Rat regret informs decision research
Rats that passed up a short wait at one feeding station only to encounter a much longer wait at the next showed evidence of regret.
June 19, 2014
When his graduate student Adam Steiner walked in and announced, “My rats are expressing regret,” neuroscience professor David Redish responded along the lines of "You've got to be kidding."
Redish uses rats to probe fundamental mechanisms of decision-making, and sees no reason other animals’ brains shouldn’t resemble humans’. But the idea of regret in rats still came as a surprise, and it required solid evidence—which he and Steiner have now supplied.
On June 8 the researchers reported in Nature Neuroscience that rats can recognize when they’ve made a boneheaded decision and change their behavior in response. That, says Redish, is the essence of regret. And it means rats may act as stand-ins for humans as researchers probe how the brain makes decisions.
“When we understand how rats make decisions, it tells us something about how humans do it,” says Redish. “The more we understand about how decision-making processes work, the more we can understand about how they go wrong and how to fix them.
“Addiction is one example. Addicts always say they’re going to stop, and then they go smoke ‘one last cigarette,’ which they regret.”
“In a normal situation, you’d expect that if you do something you really don’t like, you won’t do it again,” says Steiner. “Addicts realize its’ bad, but maybe that signal of regret isn’t strong enough. Before we can understand what’s going wrong with the regret mechanism we have to understand how it goes right and exerts its beneficial effect. It’s easier to see how something’s broken if you know how it works.”
Although findings will be tested in humans, the researchers say rats are valuable for teasing out the mechanisms of regret. Lacking language, rats don’t complicate experiments by, for example, hedging or lying about what they’re experiencing,
The researchers placed the rats on “Restaurant Row”: a square runway with corner spokes, each leading to a “restaurant” offering a food morsel in one of four flavors. As the rats reached each spoke, a tone told the rat how long the wait was (higher pitch=longer wait).
Rats had individual flavor preferences and showed a “threshold” delay they were willing to accept for each flavor.
“These furry little guys know what they like. For instance, they generally didn’t like the chocolate-flavored pellets,” says Steiner. “They make decisions in many cases based on individual preferences, and their needs of the moment.”
Because trials only lasted an hour, the rats were under time pressure to take only “good deals”—i.e., to wait for short delays for preferred morsels—and pass up bad deals (long delays for less preferred morsels). Once a rat had eaten its food or passed it up and gone to the next spoke, it couldn’t go back for a do-over.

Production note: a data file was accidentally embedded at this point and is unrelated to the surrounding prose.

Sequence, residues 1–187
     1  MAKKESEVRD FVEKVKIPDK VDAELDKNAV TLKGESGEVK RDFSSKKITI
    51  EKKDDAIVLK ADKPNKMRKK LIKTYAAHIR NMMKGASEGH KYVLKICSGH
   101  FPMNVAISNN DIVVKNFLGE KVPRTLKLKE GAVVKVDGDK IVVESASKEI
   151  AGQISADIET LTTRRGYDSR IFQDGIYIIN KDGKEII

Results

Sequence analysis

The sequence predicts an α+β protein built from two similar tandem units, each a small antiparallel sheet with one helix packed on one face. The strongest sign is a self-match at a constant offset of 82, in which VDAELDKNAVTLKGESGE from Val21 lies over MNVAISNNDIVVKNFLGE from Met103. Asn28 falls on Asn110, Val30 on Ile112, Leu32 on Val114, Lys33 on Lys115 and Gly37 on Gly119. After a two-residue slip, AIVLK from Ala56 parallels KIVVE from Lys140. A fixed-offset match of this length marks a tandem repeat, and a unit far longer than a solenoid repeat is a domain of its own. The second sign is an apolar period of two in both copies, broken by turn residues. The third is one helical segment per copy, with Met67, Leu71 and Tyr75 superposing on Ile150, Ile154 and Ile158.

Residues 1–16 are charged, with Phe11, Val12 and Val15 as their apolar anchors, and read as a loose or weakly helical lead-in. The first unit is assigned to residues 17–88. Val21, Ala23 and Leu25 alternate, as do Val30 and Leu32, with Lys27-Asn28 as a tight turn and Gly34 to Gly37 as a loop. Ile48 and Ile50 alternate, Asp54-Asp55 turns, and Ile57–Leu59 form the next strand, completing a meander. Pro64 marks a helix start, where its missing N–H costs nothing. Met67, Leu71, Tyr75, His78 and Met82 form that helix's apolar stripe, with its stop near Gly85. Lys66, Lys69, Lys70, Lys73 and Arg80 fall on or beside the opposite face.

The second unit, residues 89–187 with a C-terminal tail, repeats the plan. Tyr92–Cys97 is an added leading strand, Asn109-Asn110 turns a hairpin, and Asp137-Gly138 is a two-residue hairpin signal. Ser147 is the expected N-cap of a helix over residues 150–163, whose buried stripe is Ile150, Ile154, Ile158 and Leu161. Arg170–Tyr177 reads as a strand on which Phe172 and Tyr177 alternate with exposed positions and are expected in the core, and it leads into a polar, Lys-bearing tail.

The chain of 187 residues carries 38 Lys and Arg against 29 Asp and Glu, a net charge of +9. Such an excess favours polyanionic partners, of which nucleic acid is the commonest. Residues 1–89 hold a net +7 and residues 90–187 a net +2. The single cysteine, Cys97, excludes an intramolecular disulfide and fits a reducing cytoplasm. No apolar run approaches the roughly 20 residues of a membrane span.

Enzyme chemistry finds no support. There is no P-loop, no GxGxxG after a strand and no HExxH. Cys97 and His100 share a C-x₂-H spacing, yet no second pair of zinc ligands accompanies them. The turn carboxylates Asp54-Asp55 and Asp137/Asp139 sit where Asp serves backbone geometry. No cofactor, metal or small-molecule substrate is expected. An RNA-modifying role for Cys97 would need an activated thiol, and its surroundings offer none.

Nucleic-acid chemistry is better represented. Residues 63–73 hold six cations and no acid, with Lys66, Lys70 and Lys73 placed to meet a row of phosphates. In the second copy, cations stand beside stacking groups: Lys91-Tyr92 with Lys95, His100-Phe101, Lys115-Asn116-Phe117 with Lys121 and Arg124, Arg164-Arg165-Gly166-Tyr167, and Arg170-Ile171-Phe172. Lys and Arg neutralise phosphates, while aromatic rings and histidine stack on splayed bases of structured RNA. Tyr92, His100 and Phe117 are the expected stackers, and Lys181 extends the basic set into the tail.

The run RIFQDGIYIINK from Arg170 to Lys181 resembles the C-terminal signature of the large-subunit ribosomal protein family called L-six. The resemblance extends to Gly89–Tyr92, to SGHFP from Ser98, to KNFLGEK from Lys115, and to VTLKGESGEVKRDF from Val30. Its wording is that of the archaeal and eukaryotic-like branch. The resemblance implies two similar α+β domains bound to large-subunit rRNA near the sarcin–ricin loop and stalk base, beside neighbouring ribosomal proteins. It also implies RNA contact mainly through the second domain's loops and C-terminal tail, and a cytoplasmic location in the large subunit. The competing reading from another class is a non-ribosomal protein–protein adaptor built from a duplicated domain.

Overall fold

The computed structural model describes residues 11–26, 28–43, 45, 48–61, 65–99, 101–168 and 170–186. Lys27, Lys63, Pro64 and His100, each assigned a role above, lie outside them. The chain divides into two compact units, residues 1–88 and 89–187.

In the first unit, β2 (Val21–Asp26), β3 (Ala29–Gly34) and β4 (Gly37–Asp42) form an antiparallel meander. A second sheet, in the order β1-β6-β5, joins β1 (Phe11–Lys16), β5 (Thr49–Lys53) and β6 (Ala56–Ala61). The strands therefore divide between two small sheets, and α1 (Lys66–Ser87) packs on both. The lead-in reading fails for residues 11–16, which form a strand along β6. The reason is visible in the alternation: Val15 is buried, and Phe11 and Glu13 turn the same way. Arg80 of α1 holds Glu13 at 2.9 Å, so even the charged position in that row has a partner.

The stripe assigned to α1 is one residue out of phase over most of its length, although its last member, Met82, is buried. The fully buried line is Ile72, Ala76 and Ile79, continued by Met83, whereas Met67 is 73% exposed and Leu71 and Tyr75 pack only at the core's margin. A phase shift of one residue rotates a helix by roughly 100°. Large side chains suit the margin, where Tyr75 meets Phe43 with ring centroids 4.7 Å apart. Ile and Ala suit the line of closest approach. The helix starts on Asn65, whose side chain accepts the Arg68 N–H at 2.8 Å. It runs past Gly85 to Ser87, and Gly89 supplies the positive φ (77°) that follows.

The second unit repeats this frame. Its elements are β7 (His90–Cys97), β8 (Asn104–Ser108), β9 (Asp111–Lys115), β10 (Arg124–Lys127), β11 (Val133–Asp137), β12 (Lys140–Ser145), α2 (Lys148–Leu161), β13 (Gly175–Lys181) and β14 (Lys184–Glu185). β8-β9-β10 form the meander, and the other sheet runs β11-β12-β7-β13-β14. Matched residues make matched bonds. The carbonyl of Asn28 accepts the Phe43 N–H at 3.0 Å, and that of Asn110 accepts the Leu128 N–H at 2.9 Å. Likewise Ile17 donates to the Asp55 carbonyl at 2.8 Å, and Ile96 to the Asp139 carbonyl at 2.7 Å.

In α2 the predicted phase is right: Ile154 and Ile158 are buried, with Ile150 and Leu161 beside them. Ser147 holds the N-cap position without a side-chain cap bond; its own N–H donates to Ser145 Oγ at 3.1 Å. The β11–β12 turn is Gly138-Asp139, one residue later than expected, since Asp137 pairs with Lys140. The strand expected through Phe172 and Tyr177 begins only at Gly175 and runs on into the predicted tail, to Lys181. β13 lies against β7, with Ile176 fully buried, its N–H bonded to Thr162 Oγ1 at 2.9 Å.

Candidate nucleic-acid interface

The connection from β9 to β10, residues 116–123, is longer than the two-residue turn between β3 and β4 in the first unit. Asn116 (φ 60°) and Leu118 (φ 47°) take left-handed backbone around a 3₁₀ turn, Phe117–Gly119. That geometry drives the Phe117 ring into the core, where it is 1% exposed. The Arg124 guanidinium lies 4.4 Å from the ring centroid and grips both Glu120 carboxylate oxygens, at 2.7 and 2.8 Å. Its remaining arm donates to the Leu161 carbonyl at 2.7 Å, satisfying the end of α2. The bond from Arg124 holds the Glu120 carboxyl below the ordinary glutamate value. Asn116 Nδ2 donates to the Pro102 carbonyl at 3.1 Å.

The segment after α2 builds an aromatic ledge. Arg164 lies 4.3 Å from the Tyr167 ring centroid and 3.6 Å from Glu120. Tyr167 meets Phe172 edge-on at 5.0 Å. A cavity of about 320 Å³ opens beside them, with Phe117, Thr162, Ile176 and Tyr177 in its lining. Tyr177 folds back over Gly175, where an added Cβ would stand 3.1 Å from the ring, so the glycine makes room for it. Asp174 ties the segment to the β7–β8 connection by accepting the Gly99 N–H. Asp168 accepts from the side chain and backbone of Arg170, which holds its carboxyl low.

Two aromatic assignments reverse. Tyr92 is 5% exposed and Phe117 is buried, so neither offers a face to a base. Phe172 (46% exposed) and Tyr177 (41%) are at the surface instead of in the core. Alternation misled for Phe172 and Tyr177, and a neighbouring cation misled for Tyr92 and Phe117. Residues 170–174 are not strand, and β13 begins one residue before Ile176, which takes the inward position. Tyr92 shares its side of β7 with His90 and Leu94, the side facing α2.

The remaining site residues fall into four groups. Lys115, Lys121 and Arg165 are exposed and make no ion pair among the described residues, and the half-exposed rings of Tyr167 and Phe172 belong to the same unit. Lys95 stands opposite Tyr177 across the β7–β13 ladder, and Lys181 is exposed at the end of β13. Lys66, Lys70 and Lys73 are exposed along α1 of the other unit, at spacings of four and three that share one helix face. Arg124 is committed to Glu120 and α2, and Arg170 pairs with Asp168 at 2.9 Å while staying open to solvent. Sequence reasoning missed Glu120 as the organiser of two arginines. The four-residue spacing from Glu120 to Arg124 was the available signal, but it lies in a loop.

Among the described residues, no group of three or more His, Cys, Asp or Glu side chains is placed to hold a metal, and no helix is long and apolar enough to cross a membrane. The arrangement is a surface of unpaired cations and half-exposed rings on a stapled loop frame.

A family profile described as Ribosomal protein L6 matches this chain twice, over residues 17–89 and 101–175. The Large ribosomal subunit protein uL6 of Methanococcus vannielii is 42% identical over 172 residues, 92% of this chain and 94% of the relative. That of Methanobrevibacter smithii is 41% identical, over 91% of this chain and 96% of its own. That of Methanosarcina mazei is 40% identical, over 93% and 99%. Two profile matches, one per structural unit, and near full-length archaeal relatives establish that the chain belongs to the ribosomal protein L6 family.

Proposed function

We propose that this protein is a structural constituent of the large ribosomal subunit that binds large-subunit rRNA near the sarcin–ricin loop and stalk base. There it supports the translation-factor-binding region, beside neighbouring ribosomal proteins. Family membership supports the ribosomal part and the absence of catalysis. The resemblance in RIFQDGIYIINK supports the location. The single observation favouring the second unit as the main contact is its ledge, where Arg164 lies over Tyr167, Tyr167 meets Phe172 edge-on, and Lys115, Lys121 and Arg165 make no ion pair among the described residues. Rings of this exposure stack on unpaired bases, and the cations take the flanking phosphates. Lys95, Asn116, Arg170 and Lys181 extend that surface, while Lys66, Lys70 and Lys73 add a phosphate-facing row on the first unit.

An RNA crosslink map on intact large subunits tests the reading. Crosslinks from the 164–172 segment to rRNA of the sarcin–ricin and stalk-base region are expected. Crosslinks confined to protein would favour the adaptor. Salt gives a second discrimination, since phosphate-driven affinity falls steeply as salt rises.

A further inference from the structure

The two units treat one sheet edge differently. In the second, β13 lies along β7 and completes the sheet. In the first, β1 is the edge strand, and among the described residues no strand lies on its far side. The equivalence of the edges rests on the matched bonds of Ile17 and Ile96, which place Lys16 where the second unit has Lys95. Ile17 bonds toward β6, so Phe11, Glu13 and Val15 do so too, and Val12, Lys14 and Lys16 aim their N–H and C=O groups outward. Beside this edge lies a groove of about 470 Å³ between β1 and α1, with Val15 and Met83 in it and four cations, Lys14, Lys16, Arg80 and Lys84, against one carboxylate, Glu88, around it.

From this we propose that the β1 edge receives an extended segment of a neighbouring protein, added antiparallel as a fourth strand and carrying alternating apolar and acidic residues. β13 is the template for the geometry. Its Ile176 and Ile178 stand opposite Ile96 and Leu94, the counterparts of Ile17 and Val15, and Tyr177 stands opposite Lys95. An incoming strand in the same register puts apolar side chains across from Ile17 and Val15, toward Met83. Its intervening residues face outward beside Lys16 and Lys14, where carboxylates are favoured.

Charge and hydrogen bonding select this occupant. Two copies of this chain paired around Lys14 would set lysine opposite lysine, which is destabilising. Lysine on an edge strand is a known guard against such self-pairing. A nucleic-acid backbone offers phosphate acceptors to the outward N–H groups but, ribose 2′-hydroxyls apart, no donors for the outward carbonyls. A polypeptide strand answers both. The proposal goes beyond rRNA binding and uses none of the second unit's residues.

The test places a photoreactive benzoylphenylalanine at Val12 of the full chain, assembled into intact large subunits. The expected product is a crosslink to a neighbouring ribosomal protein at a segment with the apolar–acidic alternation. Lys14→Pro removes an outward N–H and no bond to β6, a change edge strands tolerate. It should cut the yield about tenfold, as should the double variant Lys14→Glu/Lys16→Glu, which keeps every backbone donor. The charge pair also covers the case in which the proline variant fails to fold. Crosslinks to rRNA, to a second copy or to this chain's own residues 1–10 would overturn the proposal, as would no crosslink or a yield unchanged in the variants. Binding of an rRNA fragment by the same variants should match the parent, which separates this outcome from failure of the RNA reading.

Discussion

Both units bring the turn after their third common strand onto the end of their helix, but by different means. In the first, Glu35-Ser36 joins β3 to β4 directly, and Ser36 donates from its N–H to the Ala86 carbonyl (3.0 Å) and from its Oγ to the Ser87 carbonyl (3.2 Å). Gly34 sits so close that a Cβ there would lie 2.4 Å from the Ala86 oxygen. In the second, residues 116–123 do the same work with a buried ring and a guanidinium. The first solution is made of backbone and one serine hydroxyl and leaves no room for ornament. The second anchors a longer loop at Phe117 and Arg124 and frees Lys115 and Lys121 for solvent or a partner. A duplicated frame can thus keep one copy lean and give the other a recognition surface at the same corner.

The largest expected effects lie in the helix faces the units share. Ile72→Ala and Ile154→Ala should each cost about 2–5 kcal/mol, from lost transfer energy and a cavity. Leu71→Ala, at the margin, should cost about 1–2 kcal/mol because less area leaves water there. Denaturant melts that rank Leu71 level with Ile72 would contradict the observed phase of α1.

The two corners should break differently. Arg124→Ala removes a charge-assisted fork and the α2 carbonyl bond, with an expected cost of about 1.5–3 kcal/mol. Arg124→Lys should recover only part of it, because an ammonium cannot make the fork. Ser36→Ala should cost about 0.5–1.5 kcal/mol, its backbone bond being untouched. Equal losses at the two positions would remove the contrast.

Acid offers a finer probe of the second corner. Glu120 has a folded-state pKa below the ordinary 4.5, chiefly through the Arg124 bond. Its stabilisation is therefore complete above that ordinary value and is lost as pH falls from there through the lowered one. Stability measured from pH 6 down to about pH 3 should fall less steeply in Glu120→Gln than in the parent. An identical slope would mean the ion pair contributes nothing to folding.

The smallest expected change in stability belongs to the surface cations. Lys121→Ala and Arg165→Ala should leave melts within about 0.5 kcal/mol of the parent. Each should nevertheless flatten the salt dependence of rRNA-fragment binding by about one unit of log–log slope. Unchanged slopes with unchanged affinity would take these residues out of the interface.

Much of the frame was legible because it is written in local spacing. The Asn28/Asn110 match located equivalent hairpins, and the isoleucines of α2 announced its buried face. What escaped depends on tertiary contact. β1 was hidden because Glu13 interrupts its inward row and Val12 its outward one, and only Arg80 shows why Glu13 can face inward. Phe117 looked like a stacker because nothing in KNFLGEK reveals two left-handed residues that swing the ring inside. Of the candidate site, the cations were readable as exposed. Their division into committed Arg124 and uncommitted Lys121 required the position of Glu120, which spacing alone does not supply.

Redish and Steiner recorded patterns of neural activity from two areas of the brain associated with regret in humans to see if regret-like processes modified the rats’ decision-making as they faced “stay or go” food choices.
Let’s make a deal
The rats faced regret-inducing situations whenever they passed up a good deal only to encounter a bad deal at the next spoke. That was akin to refusing a wait of 20 minutes at your favorite restaurant, then driving 10 minutes to your second favorite and finding a 30-minute wait.
In that case, the rats turned and looked backward toward the spoke where they had made the mistake. And their brain activity signaled that they were, mentally, back at that bad decision point. The rats also rushed through eating the “bad deal” morsels and hurried to the next spoke.
None of this happened when the rats were merely “disappointed” by a bad deal. In a disappointment situation, the bad deal followed either another bad deal or a good deal they had taken, giving the rats no cause to rethink a decision.
In other words, rats’ behavior revealed that they could distinguish regret from disappointment.
“In the regret situation, it turned around and looked back. But it didn’t do that in a disappointment situation,” Redish explains. “In disappointment, the world is just bad—it’s not their fault. But in regret, the rat made a mistake. We now know they recognize that difference.”
“It was fairly surprising,” says Steiner, “but in retrospect, it makes sense. Regret keeps you from making the same mistake over and over.”
Next stops on the research path
Having found that rats make suitable subjects for research on regret, Redish looks forward to investigating new questions that this research opens up:
• Do rats avoid regret?
• Why do we avoid regret?
• How does regret change decision-making, and how does it interact with other mental phenomena such as deliberation and habit?
Redish, along with colleagues, is in the planning stages for a human version of Restaurant Row. Those experiments will examine how brain function correlates with various problems, or lack of problems, in decision-making ability.
The research was supported by the National Institute on Drug Abuse.
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